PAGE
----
Earlier this month I wrote a JavaScript Concentration Game. By default it uses pre-determined photos from my own Flickr collection. But now you can start at the “about” page and plug in the name of a Flickr user or group, or find photos by searching the text or tags. (Try it here.)

Clicking on a photo brings the title and owner to the top of the screen, which you can click to open the original Flickr page in a new window. At the end of a game, you have the option of playing with the same photos, or drawing the next “page” of photos using the same search criteria.

Game-ification both makes playing Concentration more interesting and adds a fun new way to explore Flickr.

Concentration is an old card game ideally suited as a computer program. Instead of cards, I use photos. The game is a pure memory skills test.

Six pairs of photos are hidden behind squares. The player uncovers two squares at a time. If they match, they remain uncovered. If not, they become hidden again. The goal is to commit the photo’s location to memory so that when a new square is uncovered its pair can be found. Find all pairs using as few guesses as possible.

Like Mastermind and Hangman, Concentration was written in JavaScript, and designed to scale for any display, from large desktops to small mobile devices. I recycled much of the same code from those other programs (see Building Mastermind for All Screen Sizes and Creating Hangman in JavaScript). The layout is determined dynamically at start-up and when the window is resized. » Continue Reading…

Hangman is a word-guessing game, less abstract than code-breaking Mastermind, and using English phrases as the target of the player’s guesses. The tools of the game are simple enough to implement with a simple JavaScript program, and should scale well for full-size desktop screens or smaller mobile devices.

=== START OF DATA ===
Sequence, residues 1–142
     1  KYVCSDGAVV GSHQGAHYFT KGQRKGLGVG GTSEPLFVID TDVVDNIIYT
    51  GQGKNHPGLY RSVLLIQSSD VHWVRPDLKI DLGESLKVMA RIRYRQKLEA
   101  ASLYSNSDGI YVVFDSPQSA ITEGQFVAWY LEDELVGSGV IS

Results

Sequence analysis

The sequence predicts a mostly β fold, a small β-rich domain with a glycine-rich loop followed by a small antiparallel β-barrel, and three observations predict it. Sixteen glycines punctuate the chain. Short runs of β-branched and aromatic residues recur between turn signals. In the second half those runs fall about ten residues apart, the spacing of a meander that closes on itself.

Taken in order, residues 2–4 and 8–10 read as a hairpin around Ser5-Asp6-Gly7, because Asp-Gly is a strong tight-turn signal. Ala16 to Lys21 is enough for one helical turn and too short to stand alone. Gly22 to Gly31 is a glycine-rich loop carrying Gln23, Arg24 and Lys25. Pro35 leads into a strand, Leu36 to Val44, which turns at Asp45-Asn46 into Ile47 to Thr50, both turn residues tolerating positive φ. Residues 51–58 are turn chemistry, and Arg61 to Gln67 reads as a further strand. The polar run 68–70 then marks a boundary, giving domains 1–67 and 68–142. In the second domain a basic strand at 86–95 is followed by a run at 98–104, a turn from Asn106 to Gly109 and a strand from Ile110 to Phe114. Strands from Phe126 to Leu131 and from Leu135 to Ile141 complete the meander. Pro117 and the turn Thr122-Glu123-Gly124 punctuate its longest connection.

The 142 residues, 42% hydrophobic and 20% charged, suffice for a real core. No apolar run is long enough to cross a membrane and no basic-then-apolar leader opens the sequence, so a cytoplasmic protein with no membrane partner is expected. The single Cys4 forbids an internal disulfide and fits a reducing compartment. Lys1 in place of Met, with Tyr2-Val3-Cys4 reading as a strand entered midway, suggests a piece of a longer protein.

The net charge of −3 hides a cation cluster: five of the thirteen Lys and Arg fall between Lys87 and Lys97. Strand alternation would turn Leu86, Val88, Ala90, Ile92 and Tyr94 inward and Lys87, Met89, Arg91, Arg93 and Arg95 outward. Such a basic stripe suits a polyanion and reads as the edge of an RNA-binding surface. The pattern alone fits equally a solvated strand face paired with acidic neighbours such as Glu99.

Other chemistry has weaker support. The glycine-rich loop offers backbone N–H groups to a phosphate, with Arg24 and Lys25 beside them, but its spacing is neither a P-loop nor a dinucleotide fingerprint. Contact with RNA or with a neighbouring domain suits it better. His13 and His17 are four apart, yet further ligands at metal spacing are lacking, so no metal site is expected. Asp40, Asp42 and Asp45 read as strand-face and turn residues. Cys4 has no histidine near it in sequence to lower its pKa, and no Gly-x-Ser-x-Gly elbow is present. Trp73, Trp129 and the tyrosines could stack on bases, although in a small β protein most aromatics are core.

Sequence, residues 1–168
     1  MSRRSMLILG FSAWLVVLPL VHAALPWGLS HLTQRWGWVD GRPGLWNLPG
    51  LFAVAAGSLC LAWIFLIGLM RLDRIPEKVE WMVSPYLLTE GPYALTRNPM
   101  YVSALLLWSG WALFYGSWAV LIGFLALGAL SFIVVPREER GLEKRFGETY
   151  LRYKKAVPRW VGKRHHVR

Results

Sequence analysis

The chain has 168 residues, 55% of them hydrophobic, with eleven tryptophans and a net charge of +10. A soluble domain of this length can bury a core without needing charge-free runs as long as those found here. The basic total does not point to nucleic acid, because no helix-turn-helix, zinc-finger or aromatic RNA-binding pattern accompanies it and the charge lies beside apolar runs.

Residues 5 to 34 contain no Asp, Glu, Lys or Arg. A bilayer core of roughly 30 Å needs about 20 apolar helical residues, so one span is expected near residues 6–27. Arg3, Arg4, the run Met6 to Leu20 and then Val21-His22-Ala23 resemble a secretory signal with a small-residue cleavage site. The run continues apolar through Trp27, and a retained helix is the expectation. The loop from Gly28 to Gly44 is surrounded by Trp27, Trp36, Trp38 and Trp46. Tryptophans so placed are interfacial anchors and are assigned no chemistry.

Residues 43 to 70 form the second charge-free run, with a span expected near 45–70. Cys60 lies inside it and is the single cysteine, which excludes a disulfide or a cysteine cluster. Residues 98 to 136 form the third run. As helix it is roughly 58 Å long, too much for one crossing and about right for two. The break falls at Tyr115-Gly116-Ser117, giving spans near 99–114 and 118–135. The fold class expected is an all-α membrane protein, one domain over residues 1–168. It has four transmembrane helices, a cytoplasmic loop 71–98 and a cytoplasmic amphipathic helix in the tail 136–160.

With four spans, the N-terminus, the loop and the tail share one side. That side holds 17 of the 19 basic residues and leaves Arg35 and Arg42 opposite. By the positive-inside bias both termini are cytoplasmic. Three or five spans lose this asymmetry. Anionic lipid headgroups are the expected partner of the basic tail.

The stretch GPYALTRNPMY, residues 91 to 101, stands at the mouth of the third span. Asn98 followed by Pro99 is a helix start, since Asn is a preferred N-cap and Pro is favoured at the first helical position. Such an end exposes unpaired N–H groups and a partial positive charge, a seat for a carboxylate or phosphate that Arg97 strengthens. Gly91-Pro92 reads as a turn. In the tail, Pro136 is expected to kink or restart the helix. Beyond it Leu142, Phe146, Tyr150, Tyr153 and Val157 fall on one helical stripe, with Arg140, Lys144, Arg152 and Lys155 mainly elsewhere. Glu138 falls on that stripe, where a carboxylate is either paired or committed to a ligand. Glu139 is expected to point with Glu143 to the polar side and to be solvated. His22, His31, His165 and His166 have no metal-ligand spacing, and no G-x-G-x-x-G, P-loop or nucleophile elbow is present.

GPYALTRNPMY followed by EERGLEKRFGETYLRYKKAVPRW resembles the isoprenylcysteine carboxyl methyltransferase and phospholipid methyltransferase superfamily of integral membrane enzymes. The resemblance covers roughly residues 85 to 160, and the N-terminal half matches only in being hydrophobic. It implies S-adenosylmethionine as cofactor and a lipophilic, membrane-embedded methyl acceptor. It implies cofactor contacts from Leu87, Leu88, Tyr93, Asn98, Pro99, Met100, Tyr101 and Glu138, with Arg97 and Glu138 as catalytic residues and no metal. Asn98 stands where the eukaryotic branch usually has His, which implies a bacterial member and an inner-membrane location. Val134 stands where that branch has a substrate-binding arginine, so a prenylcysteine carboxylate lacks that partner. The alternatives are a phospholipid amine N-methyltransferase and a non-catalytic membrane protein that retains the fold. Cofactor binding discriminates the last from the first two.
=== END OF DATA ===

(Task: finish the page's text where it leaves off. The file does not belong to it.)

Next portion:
I used some of the same code from Mastermind (Building Mastermind for All Screen Sizes) in order to have the layout easily scale to fit the user’s screen. Because the hidden phrases can greatly vary in length, it’s hard to know how many lines it will require for a given screen width and line height. (Font size does refer to vertical height, but the line height setting is usually more important.) The offsetHeight property purportedly gives you the height of a block in the document object model, but I’ve seen too many times when the value is wrong, only to see it right a few seconds later. I suspect rendering is done in a separate thread, and offsetHeight may not be accurate immediately after assigning content to a block. So, for that reason the Hangman puzzle will overlap lower sections sometimes (and can be corrected by slightly resizing the window). I suspect the best solution might be to switch to using a canvas element to render the entire game. » Continue Reading…